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Policy / Big Tech

GDPR: The Clock’s Ticking, Confusion Reigns; We’re Here to Help

With just 11 weeks to go until the EU’s General Data Protection Regulation (GDPR) becomes law, many IT decision makers at the coalface remain worried.

Research released today by cybersecurity giant Bitdefender, for example, finds that 74% of C-suite IT players believe government explanations of how to prepare have been inadequate.

A reminder: GDPR was designed, in the EU’s words, “to harmonize data privacy laws, to protect and empower all EU citizens’ data privacy and to reshape the way organizations… approach data privacy.”

Get implementation wrong and you face fines from the Information Commissioner’s Office of up to €20 million (£17.8 million), or 4% of group worldwide turnover; whichever is greater.

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As Bitdefender puts it in a release today: “IT decision makers are playing a game of chance with compliance. Despite the known risks of non-compliance, 83% of CSOs and 51% of Chief Information Security Officers (CISOs) say that they would be tempted to risk non-compliance to offset a complex implementation process.”

Here’s a reminder of some of the primary new rights and requirements under the GDPR.

Breach Notification

Under the GDPR, breach notification is mandatory where a data breach is likely to “result in a risk for the rights and freedoms of individuals”. This must be done within 72 hours. Companies must ensure they have robust breach detection, investigation and reporting procedures in place.

Right to Access

People can now ask data controllers for confirmation whether personal data about them is being processed, where and for what purpose. Controllers must provide a copy of the personal data, free of charge, in an electronic format, when asked. How fast? “Without delay” and at the latest within one month of receipt.

Right to be Forgotten

In short, people can ask for their data to be deleted. This right is not absolute, however. Some examples of when it can be requested include:

  • When personal data is no longer necessary for the purpose for which it was collected.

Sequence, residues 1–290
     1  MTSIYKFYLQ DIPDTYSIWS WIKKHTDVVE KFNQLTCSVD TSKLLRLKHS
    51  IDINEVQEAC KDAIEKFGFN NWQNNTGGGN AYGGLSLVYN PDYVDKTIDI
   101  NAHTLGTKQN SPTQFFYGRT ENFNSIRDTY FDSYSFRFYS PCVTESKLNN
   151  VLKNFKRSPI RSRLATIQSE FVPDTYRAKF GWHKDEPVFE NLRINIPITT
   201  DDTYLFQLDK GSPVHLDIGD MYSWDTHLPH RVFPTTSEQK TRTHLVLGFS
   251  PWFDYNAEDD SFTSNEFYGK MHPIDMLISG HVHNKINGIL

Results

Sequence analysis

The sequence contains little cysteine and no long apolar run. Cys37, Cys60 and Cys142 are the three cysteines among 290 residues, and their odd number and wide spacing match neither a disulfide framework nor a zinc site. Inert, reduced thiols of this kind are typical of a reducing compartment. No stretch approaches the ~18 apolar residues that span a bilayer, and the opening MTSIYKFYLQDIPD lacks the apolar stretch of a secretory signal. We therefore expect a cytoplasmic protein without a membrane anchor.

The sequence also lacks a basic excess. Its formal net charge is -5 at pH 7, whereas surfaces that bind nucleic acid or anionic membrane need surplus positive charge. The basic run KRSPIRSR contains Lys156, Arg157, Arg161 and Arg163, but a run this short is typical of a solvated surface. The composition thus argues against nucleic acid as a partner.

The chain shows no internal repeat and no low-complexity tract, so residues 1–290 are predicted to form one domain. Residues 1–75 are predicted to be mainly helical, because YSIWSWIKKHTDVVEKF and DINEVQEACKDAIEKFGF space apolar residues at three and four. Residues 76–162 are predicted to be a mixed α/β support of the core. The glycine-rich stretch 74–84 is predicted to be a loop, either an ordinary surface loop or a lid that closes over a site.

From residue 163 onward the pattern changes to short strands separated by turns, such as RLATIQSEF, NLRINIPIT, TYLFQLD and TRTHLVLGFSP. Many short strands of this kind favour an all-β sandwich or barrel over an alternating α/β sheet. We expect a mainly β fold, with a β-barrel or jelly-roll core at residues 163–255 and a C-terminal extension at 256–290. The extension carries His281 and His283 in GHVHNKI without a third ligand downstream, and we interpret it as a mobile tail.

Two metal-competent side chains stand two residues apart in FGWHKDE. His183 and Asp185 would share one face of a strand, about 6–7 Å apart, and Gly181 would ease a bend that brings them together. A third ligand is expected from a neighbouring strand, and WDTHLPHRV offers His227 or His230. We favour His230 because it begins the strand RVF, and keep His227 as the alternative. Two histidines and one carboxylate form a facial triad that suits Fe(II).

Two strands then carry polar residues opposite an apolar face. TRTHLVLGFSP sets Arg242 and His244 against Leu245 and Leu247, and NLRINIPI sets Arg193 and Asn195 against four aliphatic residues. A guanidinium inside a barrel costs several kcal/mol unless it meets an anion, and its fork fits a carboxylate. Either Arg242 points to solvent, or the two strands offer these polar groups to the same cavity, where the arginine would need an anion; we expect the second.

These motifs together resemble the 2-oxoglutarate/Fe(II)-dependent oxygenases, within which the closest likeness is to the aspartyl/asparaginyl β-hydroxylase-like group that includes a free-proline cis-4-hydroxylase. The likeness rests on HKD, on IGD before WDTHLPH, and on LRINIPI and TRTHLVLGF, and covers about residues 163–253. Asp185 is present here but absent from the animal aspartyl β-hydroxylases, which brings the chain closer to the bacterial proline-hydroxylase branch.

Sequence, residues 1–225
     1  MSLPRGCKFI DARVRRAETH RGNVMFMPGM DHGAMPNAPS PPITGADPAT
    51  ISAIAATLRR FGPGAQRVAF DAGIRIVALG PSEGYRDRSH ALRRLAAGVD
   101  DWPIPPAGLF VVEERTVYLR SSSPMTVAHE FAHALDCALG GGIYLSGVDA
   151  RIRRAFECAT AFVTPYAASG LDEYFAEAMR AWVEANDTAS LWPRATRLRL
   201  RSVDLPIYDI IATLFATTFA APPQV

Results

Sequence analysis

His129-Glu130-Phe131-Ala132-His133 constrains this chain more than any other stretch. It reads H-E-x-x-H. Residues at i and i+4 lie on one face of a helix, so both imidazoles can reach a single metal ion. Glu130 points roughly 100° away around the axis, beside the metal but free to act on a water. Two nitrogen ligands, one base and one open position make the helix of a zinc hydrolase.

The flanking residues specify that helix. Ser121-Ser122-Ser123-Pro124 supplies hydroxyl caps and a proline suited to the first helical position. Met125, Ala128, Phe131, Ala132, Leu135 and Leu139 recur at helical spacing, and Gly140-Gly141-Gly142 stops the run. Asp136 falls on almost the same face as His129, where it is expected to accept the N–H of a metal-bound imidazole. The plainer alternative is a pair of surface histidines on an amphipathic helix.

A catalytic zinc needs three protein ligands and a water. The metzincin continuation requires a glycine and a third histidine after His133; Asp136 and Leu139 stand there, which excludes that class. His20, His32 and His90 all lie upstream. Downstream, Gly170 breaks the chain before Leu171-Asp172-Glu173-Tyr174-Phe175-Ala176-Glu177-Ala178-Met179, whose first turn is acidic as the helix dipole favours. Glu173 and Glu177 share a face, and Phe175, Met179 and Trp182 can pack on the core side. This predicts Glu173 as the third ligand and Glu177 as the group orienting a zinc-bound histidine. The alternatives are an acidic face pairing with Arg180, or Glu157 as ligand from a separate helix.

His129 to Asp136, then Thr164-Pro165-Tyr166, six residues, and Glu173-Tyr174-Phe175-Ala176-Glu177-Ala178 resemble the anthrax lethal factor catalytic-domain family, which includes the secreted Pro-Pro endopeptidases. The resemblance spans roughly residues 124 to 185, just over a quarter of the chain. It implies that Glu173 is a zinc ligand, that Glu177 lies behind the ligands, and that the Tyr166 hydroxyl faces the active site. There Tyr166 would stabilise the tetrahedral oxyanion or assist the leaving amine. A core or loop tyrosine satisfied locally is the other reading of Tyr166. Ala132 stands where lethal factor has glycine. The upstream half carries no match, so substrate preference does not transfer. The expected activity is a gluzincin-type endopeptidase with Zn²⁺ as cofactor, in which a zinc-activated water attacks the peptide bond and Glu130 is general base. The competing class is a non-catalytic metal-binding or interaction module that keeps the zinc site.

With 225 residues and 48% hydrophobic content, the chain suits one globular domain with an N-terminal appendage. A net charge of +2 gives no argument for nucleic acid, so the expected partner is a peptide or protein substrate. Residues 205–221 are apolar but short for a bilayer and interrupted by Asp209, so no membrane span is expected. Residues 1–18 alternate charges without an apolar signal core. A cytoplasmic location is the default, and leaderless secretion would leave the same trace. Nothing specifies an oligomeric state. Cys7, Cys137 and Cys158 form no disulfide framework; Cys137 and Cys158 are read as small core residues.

• When the individual withdraws consent.
  • When the individual objects to the processing and there is no overriding legitimate interest for continuing the processing.

Data Portability

This allows individuals to obtain and reuse their personal data across different services; moving, copying or transferring personal data easily from one IT environment to another in a safe and secure way. Compliance means providing the personal data in a structured, commonly used and machine-readable form, for example a CSV file.

Privacy by Design

Privacy by design as a concept has existed for years. It is now becoming a legal requirement. Article 25 codifies the concepts of “privacy by design” and “privacy by default”, but takes a flexible approach to implementation. One company’s “flexible”, of course, is another’s “utterly confusing”. Conducting regular Privacy Impact Assessments (PIAs) can be one way to ensure clarity. The Information Commissioner’s Office provides a PIA code of practice [pdf].

Data Protection Officers

The EU itself describes current rules as a “bureaucratic nightmare”, with most Member States having different requirements under their own Data Protection Acts. GDPR aims to clear this up. Its rules require you to appoint a data protection officer, if you:

  • Are a public authority (except for courts acting in their judicial capacity);
  • Carry out large scale systematic monitoring of individuals (for example, online behaviour tracking); or
  • Carry out large scale processing of special categories of data or data relating to criminal convictions and offences.

For the full GDPR here, click here.

With (as we go to press) 76 days, 12 hours and 45 minutes until the it goes live, there’s still time to roll up your sleeves
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